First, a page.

Street Art Camp Puts Young Artists Up Against the Wall, Paint in Hand
The teenage years are a scary time for both parents and young adults as they fight acne, each other and peer pressure. Apathy is the watchword along with angry, angsty, and annoyed -- of everything.
Arturo giving some graffiti advice
This is not true of all teens though, and it's especially a false description of the kids who attended Street Art Camp at the Dallas Contemporary. These kids were equal parts eager, patient and artistic superstars. Unlike most summer camps, this is not some weeklong activity parents have forced their progeny to attend; the kids not only want to be there, but for many its the highlight of their summer.
The campers ranged in age from 13-year-old Ethan, a Booker T. hopeful to 17-year-old Plano High senior Max. Of the 15 campers, about half attended camp last year and a few admitted to previous, not-so-legal graffiti experience.
Thankfully for me the camp began with a crash course history lesson on all things graffiti. Most of the kids already knew about famous street artists like Cornbread, Shepard Fairey and JMR -- who would later personally explain his mural outside the Contemporary. Plus they already knew the lingo, terms like all-city -- graffiti by one artist all over the city, and bombing -- big bubble letters, signature of typical graffiti. Clearly these kids knew their stuff and were ready to get painting, but first, a little more instruction and planning was needed.
After the history lesson, Patrick and Autumn, Dallas Contemporary employees/camp counselors, described to the kids an ancient time when the Internet and Instagram didn't exist and print was used to communicate art and ideas. The mystified campers flipped through old graffiti fanzines for proof and inspiration. The campers were practicing drawing letters when a couple members of Sour Grapes walked in.
When you're a teenage graffiti-loving artist hopeful, Sour Grapes are probably the coolest people you'll ever meet, and the nicest. Arturo Donjuan, street name Arma, and Tomas, a.k.a Crow, introduced themselves and explained what Sour Grapes is about, though its safe to say most campers are familiar with Oak Cliff's most famous graffiti crew.
After Arturo explains that in graffiti "you can do whatever you want, no right or wrong" the kids gather their paints and put on their masks -- an important feature to protect them from the fumes. All the painting was done inside, and despite an open door I left the first day feeling slightly inebriated.
The kids watched in awe as Arturo demonstrated the evolution of single spray paint line into an ornate letter.Then the campers took to their own slabs of cardboard, sketches in hand, to create their art.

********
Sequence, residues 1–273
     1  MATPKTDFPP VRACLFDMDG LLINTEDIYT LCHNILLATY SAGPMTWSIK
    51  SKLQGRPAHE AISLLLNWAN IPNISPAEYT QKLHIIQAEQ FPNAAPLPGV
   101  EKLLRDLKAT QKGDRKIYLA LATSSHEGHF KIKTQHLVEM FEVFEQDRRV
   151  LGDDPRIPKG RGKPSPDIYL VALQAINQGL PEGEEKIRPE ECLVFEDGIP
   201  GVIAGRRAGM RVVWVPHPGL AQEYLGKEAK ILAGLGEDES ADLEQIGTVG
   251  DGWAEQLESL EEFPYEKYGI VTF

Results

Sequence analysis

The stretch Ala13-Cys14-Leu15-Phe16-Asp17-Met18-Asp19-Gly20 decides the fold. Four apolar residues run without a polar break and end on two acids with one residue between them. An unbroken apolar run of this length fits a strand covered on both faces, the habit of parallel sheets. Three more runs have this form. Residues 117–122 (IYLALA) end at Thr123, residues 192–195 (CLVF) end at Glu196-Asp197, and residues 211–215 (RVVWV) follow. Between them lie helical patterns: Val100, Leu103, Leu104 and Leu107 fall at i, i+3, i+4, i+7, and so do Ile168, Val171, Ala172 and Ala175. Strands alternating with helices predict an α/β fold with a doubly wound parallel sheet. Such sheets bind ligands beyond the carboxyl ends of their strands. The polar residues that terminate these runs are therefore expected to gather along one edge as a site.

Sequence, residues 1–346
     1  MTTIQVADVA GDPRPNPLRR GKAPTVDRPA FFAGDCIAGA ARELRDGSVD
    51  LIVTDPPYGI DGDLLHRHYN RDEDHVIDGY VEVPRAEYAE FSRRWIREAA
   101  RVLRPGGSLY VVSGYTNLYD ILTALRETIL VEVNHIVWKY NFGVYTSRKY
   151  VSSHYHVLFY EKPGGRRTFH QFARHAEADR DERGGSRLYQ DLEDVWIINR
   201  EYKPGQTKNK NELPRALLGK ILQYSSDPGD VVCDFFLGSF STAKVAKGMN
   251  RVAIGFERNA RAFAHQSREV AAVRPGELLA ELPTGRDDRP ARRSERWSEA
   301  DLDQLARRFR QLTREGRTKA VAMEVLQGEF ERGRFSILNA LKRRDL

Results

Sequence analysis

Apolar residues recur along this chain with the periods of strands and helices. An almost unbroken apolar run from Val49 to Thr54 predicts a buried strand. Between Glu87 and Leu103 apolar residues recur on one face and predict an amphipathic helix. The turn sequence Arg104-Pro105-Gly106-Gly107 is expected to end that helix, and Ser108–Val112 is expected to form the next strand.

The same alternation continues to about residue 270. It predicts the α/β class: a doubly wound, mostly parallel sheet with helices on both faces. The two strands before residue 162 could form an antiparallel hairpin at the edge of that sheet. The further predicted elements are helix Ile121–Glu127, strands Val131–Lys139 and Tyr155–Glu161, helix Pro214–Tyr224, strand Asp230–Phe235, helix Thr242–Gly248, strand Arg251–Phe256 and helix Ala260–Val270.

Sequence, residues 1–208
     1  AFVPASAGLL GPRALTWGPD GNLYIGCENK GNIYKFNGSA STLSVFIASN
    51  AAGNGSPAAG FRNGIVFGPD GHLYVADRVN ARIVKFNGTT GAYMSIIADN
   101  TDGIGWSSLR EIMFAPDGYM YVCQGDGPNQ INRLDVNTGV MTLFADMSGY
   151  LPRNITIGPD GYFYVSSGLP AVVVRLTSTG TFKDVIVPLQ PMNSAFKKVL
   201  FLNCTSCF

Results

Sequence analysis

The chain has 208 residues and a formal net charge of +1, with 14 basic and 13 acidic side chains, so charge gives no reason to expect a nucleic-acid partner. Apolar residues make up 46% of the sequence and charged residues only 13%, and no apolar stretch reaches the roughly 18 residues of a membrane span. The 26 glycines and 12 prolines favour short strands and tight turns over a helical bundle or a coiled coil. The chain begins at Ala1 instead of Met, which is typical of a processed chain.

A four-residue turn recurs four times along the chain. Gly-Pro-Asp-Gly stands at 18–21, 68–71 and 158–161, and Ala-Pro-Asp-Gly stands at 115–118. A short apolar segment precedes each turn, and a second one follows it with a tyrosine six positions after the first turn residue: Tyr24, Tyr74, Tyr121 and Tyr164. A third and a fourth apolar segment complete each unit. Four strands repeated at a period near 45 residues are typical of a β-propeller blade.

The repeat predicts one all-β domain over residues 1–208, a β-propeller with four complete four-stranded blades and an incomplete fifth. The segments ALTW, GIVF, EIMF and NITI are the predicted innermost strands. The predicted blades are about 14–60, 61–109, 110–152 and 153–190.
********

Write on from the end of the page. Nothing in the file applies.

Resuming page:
I attempted to create a letter of my own, and its no easy task to keep a steady stream of paint at a close, but not too close, distance without overdoing it so the paint doesn't drip. My piece turned out more free-form abstract art than distinguishable letter of the alphabet. I can't say the same for the talented campers who wielded their cans like experienced graffiti artists. Not every letter was perfect, but every kid practiced diligently with awesome results. The end of day one was a definite success and I, along with the campers, couldn't wait for what was next.
As explained by Arturo, first and foremost every graffiti artists has to have a street name, so the beginning of day two was spent brainstorming ideas. Street names are meant to signify something, be it a childhood nickname, or story, or in Arturo's case, a name given by a mentor. Sophia became Sopa and Cory became Curls, indicative of his hair, and the kids practiced perfecting their names via spray paint.
Ethan hopes to attend Booker T.
Graffiti wasn't the only type of art the kids delved into; they made mosaic-like space invaders
and worked with stencils and screen printing too. Other artists dropped in throughout the week like Anna, a rare female street artist from California who now lives in Dallas and paints under the name Vicco.
Sour Grapes and Co. would walk around the studio dispensing advice and guiding campers in their designs. The campers, some home-schooled and others soon-to-be Booker T. students, listened and focused, absorbing any and all advice from the self-taught crew.
The last day of camp was something special. Thanks to myself, camp director Autumn, and a few parents, the campers were hauled to the free wall -- a designated area in Oak Cliff where graffiti is legal. A 100-degree temperature couldn't scorch the kids' excitement as they painted on stretches of warehouses alongside members of Sour Grapes.
When asked what they like most about graffiti, they had trouble articulating. Edie, who will attend Highland Park in the fall, likes it "because you can do so many different things." Other campers like "the fresh culture" and some think the best part is "just a bunch of artists getting together, making art."
Though difficult to detail, its obvious these kids love graffiti. At camp they didn't just get to practice their art with talented teachers, they learned about the history, how to do graffiti legally and most important that their art can be more than just a hobby.